These aren’t things nontechnical teams have ever been able to do. When they’ve had problems they need technology to help solve—or when they’ve identified ways technology might be able to help them do their jobs better, or in a manner more enjoyable or efficient—they’ve always been totally dependent on developers or IT to either custom build them new tools, or help them install, implement, and manage apps they’ve purchased. 

Composable platforms change that. 

How do composable platforms work?

Imagine that you’re a parent, and you want to empower your children to build, use, and augment their own toys. How are you going to go about doing that? 

Imagine that, first, you give your kids toothpicks, glue, nuts, bolts, rubber bands, you name it. Say, “Have at it.” The kid isn’t going to know what to do. They won’t know where to begin. Nothing will get built. 

Because you don’t really believe kids untrained in the art of toy-assembly can build much of anything anyway, let’s say that instead, you buy your kid a dollhouse and tell them to play with that. We all know what happens. The kid will play with the dollhouse for a little while, and then lose interest, when they run into the dollhouse’s functional limitations, over which they have no control.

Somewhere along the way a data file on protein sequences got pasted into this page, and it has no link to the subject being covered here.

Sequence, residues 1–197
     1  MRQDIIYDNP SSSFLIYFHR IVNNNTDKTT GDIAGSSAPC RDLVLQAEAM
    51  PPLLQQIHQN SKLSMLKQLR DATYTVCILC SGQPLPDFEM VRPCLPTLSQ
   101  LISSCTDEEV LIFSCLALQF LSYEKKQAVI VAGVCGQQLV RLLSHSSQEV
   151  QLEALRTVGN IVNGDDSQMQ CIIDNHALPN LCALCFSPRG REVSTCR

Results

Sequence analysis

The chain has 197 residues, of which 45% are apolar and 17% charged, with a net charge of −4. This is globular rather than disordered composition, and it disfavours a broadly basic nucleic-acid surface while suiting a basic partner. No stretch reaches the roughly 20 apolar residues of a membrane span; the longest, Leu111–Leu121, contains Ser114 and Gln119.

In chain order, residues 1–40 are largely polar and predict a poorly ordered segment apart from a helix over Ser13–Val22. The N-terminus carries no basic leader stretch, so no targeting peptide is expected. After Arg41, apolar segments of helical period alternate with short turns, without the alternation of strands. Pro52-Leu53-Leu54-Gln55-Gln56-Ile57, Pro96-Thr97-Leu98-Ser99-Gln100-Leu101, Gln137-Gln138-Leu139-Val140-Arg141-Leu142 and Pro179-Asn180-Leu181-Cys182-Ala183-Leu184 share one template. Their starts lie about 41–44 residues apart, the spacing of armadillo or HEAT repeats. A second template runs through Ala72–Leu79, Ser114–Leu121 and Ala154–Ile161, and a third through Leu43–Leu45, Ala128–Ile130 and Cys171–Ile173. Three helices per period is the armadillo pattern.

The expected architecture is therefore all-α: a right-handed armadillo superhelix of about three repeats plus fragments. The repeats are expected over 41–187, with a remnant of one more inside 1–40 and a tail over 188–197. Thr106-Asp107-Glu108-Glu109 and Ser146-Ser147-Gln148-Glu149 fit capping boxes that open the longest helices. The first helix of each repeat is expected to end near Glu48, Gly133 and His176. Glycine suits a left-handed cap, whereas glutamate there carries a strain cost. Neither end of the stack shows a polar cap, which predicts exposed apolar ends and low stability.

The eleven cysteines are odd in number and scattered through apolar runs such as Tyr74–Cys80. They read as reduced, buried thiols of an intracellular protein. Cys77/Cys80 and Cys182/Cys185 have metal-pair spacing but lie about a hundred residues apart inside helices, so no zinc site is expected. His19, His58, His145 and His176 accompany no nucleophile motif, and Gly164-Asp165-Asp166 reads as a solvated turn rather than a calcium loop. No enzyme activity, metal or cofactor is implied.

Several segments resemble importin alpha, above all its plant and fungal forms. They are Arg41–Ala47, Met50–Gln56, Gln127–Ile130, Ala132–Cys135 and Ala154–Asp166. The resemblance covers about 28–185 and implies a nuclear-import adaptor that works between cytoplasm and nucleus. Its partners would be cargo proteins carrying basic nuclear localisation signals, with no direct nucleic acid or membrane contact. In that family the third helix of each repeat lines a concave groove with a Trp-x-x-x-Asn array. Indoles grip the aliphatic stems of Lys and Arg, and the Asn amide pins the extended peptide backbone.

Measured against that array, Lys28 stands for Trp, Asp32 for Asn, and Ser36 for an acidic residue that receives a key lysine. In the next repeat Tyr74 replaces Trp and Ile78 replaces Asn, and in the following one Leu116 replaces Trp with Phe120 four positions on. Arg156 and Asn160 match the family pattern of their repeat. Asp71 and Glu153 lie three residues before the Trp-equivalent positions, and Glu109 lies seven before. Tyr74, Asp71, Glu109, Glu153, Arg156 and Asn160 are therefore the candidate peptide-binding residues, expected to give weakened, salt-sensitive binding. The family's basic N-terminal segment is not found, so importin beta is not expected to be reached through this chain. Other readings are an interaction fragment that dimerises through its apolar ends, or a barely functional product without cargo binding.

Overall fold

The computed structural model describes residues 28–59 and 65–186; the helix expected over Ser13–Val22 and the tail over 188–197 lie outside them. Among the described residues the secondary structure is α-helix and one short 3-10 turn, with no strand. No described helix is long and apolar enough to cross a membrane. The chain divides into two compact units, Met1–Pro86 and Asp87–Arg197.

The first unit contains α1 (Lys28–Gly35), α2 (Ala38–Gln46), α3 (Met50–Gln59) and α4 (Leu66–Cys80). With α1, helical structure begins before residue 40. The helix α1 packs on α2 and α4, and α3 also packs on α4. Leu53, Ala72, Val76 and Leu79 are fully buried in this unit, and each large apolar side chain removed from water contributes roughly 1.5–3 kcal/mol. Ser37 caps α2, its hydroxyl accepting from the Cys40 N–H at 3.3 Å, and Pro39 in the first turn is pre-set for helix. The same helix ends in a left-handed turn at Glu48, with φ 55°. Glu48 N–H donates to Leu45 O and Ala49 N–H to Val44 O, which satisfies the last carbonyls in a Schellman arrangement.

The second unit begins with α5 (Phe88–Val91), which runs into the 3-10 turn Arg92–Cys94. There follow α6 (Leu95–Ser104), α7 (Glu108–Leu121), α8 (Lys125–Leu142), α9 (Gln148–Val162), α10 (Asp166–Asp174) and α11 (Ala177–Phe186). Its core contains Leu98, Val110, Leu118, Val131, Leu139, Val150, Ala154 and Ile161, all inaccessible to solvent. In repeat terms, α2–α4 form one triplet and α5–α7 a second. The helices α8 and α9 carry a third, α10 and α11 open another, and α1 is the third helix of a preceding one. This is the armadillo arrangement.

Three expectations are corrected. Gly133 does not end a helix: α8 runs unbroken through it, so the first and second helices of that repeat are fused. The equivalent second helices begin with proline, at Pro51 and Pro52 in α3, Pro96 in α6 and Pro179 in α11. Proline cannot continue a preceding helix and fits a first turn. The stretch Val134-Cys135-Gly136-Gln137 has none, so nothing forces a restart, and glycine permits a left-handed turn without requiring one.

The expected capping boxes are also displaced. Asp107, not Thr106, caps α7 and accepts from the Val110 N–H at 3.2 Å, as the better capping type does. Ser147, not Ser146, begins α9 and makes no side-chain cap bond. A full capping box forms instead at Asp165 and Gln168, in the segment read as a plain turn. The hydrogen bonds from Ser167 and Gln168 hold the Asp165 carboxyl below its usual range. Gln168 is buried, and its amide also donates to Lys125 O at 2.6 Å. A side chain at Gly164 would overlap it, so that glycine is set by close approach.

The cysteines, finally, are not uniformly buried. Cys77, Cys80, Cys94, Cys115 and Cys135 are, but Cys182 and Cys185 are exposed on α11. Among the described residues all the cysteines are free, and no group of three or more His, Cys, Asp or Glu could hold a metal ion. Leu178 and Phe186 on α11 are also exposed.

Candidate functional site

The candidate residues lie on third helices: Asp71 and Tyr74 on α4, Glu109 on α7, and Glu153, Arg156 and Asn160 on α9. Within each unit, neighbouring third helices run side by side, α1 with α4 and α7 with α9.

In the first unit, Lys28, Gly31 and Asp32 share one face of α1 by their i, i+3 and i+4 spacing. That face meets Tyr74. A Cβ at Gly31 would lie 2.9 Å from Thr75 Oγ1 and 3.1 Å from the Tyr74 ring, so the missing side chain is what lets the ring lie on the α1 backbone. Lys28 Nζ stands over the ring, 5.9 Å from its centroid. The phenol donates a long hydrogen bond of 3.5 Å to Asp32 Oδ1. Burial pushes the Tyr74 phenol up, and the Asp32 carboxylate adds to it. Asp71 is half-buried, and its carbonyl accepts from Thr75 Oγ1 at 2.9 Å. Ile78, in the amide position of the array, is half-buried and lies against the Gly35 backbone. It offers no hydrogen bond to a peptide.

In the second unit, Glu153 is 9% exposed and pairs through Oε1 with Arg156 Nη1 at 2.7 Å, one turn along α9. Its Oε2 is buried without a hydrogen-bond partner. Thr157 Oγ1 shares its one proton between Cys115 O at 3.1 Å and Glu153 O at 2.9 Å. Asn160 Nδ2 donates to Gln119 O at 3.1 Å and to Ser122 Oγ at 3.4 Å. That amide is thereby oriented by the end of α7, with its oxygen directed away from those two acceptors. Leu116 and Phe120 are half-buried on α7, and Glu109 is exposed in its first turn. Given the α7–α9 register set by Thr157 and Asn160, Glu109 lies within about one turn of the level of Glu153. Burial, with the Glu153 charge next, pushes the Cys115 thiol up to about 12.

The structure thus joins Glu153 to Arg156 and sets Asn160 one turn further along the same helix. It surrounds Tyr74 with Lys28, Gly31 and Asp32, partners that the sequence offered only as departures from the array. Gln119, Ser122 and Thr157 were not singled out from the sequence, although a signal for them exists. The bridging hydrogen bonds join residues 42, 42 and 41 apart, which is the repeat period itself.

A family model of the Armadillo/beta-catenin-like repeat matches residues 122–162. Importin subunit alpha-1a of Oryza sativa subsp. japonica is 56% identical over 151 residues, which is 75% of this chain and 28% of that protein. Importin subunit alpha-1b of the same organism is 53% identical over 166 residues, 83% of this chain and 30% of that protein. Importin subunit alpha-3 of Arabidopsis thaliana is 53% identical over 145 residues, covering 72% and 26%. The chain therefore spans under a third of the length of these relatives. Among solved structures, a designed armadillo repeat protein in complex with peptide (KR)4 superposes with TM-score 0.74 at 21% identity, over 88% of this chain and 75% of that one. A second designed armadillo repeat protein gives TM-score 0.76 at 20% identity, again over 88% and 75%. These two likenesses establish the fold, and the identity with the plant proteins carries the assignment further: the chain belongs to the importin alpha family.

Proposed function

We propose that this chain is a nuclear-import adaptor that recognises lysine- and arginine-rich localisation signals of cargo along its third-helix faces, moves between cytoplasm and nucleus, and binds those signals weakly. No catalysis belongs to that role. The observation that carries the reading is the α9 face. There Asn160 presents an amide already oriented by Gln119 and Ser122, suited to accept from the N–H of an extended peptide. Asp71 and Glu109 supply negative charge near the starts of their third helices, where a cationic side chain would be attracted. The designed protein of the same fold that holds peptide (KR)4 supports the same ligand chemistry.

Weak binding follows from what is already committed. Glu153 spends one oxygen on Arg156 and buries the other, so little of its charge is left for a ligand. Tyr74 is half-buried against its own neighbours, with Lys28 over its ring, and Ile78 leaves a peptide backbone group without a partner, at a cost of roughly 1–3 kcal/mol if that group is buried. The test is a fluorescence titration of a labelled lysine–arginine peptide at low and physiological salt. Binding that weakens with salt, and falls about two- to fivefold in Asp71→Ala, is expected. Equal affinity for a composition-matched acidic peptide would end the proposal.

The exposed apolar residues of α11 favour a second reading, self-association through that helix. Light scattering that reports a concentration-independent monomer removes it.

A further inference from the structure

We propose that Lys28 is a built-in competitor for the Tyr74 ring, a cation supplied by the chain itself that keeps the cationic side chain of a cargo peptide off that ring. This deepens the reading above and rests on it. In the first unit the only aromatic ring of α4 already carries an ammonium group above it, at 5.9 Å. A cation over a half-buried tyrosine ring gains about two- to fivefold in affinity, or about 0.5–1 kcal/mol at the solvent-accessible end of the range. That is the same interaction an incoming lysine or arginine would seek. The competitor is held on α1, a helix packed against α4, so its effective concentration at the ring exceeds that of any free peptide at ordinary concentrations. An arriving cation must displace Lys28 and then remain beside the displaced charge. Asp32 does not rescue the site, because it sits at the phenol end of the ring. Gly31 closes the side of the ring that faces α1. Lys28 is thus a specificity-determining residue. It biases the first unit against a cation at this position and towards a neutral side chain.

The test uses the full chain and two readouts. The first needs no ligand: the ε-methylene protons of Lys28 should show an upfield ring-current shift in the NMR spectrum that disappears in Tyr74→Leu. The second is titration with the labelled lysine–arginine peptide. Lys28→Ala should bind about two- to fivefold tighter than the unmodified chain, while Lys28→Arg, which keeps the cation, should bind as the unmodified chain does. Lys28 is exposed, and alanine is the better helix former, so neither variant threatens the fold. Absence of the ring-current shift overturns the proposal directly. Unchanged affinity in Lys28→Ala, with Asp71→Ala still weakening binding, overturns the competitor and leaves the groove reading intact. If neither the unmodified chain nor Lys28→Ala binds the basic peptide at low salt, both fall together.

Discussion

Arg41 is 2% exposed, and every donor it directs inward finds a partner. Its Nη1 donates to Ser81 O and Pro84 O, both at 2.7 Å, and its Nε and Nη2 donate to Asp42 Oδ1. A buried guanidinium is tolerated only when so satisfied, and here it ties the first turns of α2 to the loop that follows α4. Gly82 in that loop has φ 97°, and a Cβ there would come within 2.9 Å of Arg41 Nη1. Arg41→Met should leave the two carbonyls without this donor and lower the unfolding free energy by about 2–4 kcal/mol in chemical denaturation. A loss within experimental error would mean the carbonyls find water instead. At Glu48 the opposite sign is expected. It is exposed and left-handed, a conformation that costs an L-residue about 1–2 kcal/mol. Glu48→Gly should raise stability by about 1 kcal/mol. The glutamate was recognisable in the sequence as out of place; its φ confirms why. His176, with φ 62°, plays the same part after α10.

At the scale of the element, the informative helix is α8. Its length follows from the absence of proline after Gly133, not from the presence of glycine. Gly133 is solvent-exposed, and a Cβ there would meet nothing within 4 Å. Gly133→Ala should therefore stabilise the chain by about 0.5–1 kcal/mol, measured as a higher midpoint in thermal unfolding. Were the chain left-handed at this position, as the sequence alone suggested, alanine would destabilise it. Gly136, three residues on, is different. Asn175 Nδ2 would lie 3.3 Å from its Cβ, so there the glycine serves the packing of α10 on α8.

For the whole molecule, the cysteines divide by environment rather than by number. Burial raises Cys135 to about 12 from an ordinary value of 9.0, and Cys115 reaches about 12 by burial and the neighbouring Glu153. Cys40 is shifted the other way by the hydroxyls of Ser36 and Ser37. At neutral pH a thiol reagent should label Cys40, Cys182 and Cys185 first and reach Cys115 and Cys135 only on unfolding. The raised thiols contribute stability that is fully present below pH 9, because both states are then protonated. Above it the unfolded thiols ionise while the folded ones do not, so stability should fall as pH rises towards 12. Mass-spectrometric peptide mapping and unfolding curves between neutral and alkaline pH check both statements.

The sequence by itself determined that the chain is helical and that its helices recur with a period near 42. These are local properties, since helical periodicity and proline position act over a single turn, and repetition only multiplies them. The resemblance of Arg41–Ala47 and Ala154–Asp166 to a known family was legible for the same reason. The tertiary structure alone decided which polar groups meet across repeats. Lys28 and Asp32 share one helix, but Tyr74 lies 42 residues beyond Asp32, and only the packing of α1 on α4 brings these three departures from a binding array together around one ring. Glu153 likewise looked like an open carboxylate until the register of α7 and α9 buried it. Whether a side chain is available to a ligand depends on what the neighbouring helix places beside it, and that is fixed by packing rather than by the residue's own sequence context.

But what if, instead, you give your kids LEGO blocks? Let’s double click into that a bit further and imagine you give your kids LEGO blocks supplemented by baseline infrastructure upon which to play with those blocks: instructions and suggestions for what kinds of creations they can assemble; a large, flat baseline block to ground construction in. 

Most of us have seen what can happen next. Kids can build some pretty incredible things! 

Composable platforms operate in much the same way. They provide nontechnical teams a kind of infrastructure—which, via a no-code interface, abstracts the best-practices and technological expertise required of interacting with complex software components—with which to build and compose complex software solutions. 

Further, they empower IT and developer teams to curate libraries of technological capabilities—or, LEGO blocks—that nontechnical teams can use in any number of combinations to personalize, customize, and improve their solutions.